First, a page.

Alchemical Storytelling

fmabAs my wife and son began re-watching this series today, I thought I’d repost this review here from its original appearance in 2012 over at Black Gate. I should add that since I wrote this article I’ve tried a number of well-recommended anime series and I’ve yet to find one that so fully fulfilled and exceeded its promise. After five years I still think of it quite highly and I think it may well be a masterpiece. Anyway, here’s what I wrote in 2012:

I haven’t watched much anime in my time. Frankly I haven’t gotten a lot out of the shows I’ve seen, many of which seem to consist of posing in the midst of fights and shouting at opponents. But I chanced upon something a few weeks back that began with potential and then delivered on it episode after episode. I found fabulous world building and strong character arcs.  I watched half hour after half hour the way I devour chapter after chapter in a great fantasy novel, poised on the edge of my seat wondering how things would resolve. 

brotherhood2The show that so enthralled me is Fullmetal Alchemist: Brotherhood. The series is set in an alternate world in the 1900s, one very similar to our own, except that alchemy works. Those talented and diligent enough can transform matter from one state to another — fix a broken radio into one that works, or transform a metal bar into a sword. The story’s protagonists are a pair of young brothers of tremendous talent who used their powers to commit the ultimate alchemical taboo: they tried to bring their dead mother back to life. They paid a terrible price when the transmutation went horribly wrong, and spend much of the series trying to put things right.

As the young men search for solutions, they uncover  hidden layers to the way alchemy, their country, and their world, truly work. As the mysteries deepen, so do the characters and the world. I really don’t want to say much more for fear of ruining the many unfolding surprises.

If, like me, you’re unused to anime, there are a few caveats. There are occasional odd tonal shifts. For instance, when characters feel a really strong emotion (like anger or sadness) they’re often briefly transformed into caricatures of themselves, with exaggerated features. Some of the humor doesn’t translate and comes off as a bit goofy, and characters do sometimes speak over dramatically or are too revealing of their motivations when they talk. I wasn’t sure what to make of it after the first one or two shows, but kept watching… and I was glad I did. Most of the time it works, and overall it works brilliantly. Male and female characters are given strong roles, and face difficult choices.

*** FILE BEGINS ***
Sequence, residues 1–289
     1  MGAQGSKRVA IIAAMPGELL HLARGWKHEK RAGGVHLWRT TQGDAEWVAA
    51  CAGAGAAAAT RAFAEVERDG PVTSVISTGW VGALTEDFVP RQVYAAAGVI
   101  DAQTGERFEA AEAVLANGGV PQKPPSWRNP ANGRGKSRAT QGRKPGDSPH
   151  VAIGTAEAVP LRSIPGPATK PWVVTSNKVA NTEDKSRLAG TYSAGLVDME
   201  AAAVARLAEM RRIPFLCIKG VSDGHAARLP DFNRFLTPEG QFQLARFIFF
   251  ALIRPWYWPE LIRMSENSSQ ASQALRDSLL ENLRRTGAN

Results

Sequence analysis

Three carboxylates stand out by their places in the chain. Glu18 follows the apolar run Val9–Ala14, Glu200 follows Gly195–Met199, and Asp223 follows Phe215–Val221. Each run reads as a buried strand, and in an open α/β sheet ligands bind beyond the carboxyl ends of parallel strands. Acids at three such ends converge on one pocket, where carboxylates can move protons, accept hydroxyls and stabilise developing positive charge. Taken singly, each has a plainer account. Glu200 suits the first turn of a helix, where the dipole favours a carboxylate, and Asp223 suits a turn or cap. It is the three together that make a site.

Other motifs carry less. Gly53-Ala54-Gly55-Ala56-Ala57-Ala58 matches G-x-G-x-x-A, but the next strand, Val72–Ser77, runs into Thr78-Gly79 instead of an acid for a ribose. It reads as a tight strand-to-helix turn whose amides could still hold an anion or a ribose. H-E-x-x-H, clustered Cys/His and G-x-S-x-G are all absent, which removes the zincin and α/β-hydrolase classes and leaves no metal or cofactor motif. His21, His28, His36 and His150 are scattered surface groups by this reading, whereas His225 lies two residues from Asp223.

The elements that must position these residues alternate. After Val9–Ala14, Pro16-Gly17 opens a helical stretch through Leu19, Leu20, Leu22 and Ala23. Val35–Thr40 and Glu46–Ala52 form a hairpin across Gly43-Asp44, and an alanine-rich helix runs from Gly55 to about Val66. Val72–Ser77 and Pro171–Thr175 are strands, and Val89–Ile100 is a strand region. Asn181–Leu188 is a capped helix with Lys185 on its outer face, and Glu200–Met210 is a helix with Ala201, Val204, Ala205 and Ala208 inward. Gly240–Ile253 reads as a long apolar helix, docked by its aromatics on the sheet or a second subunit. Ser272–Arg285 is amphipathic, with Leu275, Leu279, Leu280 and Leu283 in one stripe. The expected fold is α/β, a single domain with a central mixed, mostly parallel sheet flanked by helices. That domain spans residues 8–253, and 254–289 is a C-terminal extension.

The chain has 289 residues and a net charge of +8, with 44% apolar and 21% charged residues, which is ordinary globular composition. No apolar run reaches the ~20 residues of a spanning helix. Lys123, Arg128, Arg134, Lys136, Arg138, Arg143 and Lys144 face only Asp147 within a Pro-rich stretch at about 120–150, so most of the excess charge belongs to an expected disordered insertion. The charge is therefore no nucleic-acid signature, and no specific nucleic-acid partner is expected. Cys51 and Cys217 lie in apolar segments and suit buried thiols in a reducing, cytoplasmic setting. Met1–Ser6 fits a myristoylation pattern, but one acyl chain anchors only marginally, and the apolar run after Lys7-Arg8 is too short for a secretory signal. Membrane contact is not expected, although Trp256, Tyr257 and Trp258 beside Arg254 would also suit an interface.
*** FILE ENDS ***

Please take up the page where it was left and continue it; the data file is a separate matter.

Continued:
fullmetal-alchemistWhat starts out seeming like a lightly interesting and slightly goofy cartoon show quickly develops into something that explores some very deep themes: honor, responsibility, sacrifice, redemption, duty to one’s country, duty to humanity, the duty of a ruler to his people, loyalty, friendship, love, death. Alphonse and Edward face temptation many times, but after their initial mistake stick always to their principles, no matter how much tougher that makes things for them. And for all that there is cartoony martial arts violence there is also death, and the deaths on the show have real and lasting impact upon the characters.

The story is greatly aided by strong, fluid visuals, including some incredible action sequences and magical displays, and it is brought to life by the American voice actors. All are at least passable (there’s no one wooden), and many of them are good to exceptional, particularly the leads. Vic Mignogna, who voices Edward, is phenomenal, and has been recognized as such by the American Anime Awards, who presented him with an award for Best Actor in a lead role for his work as Edward Elric.

Fullmetal Alchemist: Brotherhood closely follows a famous — and bestselling — manga (a graphic novel series) written and drawn by Hiromu Arakawa. In 2003, after the first third of Arakawa’s manga was published, an earlier anime was begun, also titled Fullmetal Alchemist(without brotherhood). Lacking a completed story, the earlier show’s writers made up their own conclusion, one that left threads unresolved and wrapped up others in unsatisfying ways. (Honestly, that’s being charitable.) This version should not be confused with Brotherhood. One does not follow the other, although, if you find that you’ve loved Brotherhood, the first ten or twelve episodes of the original deal with parts of the opening story sequence in a little more detail (unfortunately, they don’t fit seamlessly together, as divergent plot threads occur pretty early on — so start with Brotherhood and come back if you want to see just a little bit more of the brothers in action).

Lt. Hawkeye.

Lt. Hawkeye.